Eating fish like flounder with adequate protein but low amounts of total fat (1.19 grams per 100 grams) and saturated fats (0.283 grams per 100 grams) is healthy. Reducing fats in your diet promotes health and lowers the risks of chronic diseases:

  • Less risk of heart disease
  • Lower blood cholesterol levels
  • Less risk of obesity
  • Lower blood pressure
  • Lower risk of type 2 diabetes
  • Lower risk of cancer of the breast and colon

Fish, especially oily fish, are rich in omega-3 fatty acids eicosapentaenoic acid (EPA) and docosahexaenoic acid (DHA). These are good for heart health.

It isn't necessary to stop eating meat, of course. But replacing meat with flounder (or similar seafood) once or twice a week will benefit your health.

Flounder are rich in nutrients essential for childhood brain growth and development. Children and pregnant and breastfeeding women should include it in their diet to get these nutrients:

  • Omega-3 fatty acids eicosapentaenoic acid (EPA) and docosahexaenoic acid (DHA)
  • Iodine
  • Choline
  • Iron

Choline also helps in the growth and development of a baby's spinal cord. Flounder provide iron and zinc, needed for a child's maturing immune system. Flounder also provide children with other vital nutrients like protein, vitamin B12, vitamin D, and selenium.

Eating some sea creatures can be hazardous for humans. Flounder appear to be safe. They do not produce any toxins of their own. They also don't contain histamine, which can cause allergic reactions. Flounder harvested off the U.S. coast are free of drugs used in aquaculture. Some flounder are harvested by aquaculture and may contain drugs.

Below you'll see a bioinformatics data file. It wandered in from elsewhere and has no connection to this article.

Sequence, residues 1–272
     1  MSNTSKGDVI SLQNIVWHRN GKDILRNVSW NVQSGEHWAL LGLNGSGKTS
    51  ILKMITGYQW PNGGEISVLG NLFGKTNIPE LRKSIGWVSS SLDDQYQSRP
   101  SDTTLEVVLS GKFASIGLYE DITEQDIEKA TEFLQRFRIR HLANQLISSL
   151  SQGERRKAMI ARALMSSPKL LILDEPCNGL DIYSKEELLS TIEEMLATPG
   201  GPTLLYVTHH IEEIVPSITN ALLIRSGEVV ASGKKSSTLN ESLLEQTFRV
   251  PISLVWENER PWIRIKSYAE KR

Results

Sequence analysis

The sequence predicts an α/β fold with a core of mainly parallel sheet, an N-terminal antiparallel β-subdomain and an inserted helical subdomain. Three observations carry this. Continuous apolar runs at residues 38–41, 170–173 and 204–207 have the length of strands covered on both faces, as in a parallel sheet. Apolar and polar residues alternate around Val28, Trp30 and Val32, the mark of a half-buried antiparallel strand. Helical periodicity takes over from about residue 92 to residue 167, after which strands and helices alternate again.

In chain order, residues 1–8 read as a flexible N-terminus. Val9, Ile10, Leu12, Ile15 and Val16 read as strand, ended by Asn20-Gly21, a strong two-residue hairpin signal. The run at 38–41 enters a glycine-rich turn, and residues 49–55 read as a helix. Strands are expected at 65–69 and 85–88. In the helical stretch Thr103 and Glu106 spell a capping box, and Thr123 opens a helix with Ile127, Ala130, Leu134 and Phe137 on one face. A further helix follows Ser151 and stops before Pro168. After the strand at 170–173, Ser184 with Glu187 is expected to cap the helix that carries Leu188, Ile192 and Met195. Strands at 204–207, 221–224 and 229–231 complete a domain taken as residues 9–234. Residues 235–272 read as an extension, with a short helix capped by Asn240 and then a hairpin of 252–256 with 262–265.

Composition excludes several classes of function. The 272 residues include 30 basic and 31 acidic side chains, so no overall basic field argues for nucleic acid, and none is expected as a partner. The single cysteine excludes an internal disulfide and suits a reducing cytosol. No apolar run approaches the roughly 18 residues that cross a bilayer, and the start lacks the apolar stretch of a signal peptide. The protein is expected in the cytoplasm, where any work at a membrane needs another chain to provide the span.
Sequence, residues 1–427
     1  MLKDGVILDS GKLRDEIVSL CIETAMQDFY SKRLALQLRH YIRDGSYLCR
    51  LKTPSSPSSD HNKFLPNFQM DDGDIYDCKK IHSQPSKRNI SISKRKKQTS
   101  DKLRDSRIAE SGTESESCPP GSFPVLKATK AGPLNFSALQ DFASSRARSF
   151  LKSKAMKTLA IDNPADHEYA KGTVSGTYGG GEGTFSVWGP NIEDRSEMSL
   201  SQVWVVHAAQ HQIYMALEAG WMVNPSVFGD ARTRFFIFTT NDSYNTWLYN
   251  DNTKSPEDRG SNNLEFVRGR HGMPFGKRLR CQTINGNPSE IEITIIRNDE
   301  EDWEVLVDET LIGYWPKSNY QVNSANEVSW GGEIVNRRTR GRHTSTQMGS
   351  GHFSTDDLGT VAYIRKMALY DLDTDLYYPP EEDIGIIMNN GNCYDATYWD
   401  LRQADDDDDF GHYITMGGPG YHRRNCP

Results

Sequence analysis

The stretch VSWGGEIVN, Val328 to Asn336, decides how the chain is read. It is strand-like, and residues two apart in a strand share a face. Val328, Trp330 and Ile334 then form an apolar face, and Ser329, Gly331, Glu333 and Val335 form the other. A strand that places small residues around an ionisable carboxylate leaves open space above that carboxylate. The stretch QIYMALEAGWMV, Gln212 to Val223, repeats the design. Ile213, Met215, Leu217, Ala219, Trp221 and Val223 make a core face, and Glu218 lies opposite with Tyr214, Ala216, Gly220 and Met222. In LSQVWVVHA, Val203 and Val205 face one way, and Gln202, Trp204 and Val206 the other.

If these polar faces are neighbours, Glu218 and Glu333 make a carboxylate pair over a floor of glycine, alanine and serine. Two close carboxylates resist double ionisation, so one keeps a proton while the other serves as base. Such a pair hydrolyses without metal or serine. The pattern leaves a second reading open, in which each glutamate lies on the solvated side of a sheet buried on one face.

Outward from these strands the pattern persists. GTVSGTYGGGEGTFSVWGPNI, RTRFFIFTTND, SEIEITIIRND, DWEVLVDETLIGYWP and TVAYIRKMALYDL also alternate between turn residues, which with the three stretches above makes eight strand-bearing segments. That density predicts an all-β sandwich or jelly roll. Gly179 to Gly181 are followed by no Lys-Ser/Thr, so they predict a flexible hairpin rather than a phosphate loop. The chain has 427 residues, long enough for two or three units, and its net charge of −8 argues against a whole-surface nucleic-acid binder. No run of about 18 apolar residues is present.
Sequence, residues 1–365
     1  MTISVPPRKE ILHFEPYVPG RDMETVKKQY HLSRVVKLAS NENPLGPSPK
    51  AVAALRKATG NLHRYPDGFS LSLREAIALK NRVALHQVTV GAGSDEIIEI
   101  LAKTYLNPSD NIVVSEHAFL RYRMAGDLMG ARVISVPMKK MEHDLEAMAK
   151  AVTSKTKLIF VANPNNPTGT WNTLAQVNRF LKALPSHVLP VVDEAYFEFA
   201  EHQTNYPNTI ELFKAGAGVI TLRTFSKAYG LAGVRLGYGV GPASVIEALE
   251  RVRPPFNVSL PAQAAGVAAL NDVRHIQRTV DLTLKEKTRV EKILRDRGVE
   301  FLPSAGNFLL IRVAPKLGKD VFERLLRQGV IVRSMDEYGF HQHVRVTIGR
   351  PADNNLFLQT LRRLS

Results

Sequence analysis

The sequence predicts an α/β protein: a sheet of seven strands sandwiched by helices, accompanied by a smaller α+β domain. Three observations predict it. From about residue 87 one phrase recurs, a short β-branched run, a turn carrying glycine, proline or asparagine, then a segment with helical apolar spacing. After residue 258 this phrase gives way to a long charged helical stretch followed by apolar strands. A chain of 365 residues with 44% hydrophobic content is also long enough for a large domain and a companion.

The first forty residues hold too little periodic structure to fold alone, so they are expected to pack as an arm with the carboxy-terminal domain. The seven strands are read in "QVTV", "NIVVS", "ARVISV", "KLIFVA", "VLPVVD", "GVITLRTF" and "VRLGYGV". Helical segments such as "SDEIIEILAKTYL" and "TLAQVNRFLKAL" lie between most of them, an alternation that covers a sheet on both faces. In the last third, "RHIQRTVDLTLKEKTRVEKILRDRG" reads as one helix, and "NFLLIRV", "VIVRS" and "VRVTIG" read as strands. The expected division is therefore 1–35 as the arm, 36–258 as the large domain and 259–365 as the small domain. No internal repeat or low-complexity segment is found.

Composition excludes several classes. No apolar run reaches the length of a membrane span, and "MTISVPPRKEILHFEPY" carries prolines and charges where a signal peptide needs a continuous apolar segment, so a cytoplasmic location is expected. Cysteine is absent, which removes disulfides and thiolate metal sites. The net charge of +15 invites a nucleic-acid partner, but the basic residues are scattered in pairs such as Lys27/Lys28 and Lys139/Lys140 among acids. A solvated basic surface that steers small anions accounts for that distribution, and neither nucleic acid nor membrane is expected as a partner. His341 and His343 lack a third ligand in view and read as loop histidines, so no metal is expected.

Though flounder are not poisonous or venomous, they can carry dangers. They can be parasite-infested and can absorb chemicals and pollutants from the water in which they live. The pollutant considered most dangerous is mercury. Methylmercury is an industrial pollutant often found in seawater and absorbed by fish. Eating such fish is harmful to health. It is especially dangerous for pregnant women, breastfeeding women, and children.

Flounder have very low amounts of mercury and appear to be safe in this regard. Flounder is included in the list of best choices among seafood. Pregnant and breastfeeding women and children should eat two or three servings a week of flounder a week to get its nutritional benefits.  

Flounder is usually sold whole, but you can also find fillets. Avoid flat fish during the spawning season (spring) because the meat is watery and thin. The best time to eat flounder is from September to May.

Fish spoils very quickly after removing from the refrigerator. When shopping, pick up flounder last of all. It's best to go home directly and put it in your refrigerator immediately. 

Flounder need simple cooking. Remove the fins and head, and then grill or bake whole. Add citrus, herbs, or butter as you like. Large flounder can be filleted or pan friend. 

Fried flounder. This is a simple and delicious way to serve flounder. Dredge a whole flounder in well-seasoned flour and pan-fry with olive oil and butter. Serve with lemon wedges, parsley, and sea salt.

Flounder Stuffed with Jumbo Lump Crabmeat. An elaborate dish, combining flounder fillets with egg whites, crabmeat, breadcrumbs, butter, and white wine.